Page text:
Recently I have found myself in a position I thought about but never really conceived I would find myself in, taking care of an aging parent. Now to anyone who has experienced this, you know it can be a special kind of hell. It’s not close to the torment that comes from watching a sick parent worsen or suffering through the terminal illness and loss of a child or loved one but it carries with it a strong measure of weight upon ones soul and shoulders.

It is hard to see someone you love deteriorate. It’s hard because it’s painful. The pain comes from witnessing that person become something you know they fear and despise. It’s hard because you are helpless to change the situation for them.

I have realized the only thing of any value or worth, is love and compassion. The love is always there, often strengthening but the compassion can be hard to find as I struggle with my own sense of loss and guilt at being unable to find a solution and of course, my own mortality.  The love you hold for that person can at times feel like a curse and you then curse yourself for feeling this way. Death comes to us all but to watch it is an agonizing test of endurance, a test of one’s capacity to love without anger for circumstances beyond ones control.

Being one who is lucky enough to be blessed with the gene that makes me see the glass as half full, I have stumbled upon a smidgen of goodness in watching the slow decline of a person who owns a piece of my soul.  What I have found is the memory of a life and it richness, its dark moments, its exuberance and zest and a perseverance in humans to always move forward regardless of challenges. I have realized it’s important to listen to the details of this life as she fondly remembers days gone by. To see the joy and connectedness to life as she excitedly tells of a day at the river swimming with brothers or a Father who made pull-taffy as a special treat. She knows now as perhaps she did not know then. how precious those times were. It is deeply true that the only things that count are the minutes, hours, days and years we spend in living a life.

While enjoyable, it’s certainly not important to have the finest china and crystal or the biggest home or bank account. None of these things mean anything, not really. The gift I have been shown and discovered in the eyes of a woman unwilling to admit her health is in decline is that the importance of life, the one lasting part of life, is love. This is the thing you hold in your heart and coddle. This is the only thing you take with you when you go.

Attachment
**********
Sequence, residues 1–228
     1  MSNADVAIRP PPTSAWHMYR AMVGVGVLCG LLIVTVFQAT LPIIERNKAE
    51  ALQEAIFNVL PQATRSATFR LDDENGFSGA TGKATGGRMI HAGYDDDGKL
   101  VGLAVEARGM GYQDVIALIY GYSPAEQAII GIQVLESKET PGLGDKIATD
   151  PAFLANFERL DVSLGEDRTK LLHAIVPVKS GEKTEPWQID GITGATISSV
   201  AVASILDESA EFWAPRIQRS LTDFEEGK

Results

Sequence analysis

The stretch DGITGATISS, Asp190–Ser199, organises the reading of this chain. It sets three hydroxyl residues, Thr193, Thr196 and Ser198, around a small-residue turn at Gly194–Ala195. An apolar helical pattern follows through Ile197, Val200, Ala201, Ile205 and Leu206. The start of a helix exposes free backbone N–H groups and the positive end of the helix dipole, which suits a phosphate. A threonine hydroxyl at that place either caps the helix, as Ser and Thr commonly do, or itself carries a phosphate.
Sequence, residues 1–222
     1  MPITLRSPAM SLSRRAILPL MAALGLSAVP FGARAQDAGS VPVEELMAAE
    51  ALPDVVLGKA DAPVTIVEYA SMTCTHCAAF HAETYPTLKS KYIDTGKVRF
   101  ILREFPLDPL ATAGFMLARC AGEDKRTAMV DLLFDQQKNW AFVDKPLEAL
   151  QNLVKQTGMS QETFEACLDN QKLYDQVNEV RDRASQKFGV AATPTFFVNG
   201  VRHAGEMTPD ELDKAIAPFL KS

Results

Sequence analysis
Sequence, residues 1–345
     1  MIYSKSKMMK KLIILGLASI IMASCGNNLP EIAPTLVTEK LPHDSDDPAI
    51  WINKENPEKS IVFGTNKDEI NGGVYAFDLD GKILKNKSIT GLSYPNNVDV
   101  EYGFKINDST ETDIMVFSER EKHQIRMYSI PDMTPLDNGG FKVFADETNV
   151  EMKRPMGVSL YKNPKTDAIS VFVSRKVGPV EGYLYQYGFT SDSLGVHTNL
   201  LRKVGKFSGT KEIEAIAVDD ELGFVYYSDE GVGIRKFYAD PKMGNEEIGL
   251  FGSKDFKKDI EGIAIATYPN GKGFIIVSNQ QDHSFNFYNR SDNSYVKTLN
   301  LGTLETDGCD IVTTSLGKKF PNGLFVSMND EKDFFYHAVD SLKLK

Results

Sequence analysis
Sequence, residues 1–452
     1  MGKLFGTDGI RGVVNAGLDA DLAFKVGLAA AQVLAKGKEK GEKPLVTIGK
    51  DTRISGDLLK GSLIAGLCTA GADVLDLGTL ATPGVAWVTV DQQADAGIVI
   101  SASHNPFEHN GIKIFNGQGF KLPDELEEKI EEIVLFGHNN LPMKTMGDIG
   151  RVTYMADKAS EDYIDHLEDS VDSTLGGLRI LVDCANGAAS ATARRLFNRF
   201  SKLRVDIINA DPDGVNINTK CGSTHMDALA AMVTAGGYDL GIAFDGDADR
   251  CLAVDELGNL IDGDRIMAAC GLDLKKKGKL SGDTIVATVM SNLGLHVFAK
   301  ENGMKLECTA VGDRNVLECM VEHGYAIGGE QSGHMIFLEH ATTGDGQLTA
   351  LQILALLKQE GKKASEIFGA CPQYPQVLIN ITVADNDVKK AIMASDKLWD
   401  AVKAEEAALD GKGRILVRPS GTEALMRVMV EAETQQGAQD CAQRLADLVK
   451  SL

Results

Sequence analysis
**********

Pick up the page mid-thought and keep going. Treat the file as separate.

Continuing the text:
While this knowledge does not make the path I must take any easier, it lets me know how I must tread. Softly, compassionately and with all the love I can muster.

While I may not always have you to hold in my arms, I will always hold you in my heart. ♥


2 thoughts on “AN AGING PARENT

  1. I can concur with this thought. My mum has recently been admitted to an old folks home. What there is left of this very strong woman hates every second. The home is non smoking and she was a very heavy smoker. She’s cajoled two people to get her cigarettes and help her sneak off to smoke and they have been indisciplined. They were suspended without pay all because of my mum’s insistent persuasion to get her a smoke. I’m at my wits end. Thanks for letting my tell this. Regards Patrick.


    1. Thank you Patrick for taking the time to read my little ditty. Caring for an aging parent is challenging to say the least but uncaring is not an option. Not for me anyway. The rule of thumb is to remember that we can’t change people, even when we feel it is in their best interests to do so. I had to laugh at your Mum’s antics. It must be hard for her not to be in control of simple pleasures. Off to see my Mum tomorrow and see what adventures await. Cheers!


Your thoughts are warmly welcomed

Fill in your details below or click an icon to log in: Logo

You are commenting using your account. Log Out /  Change )

Google photo

You are commenting using your Google account. Log Out /  Change )

Twitter picture

You are commenting using your Twitter account. Log Out /  Change )

Facebook photo

You are commenting using your Facebook account. Log Out /  Change )

Connecting to %s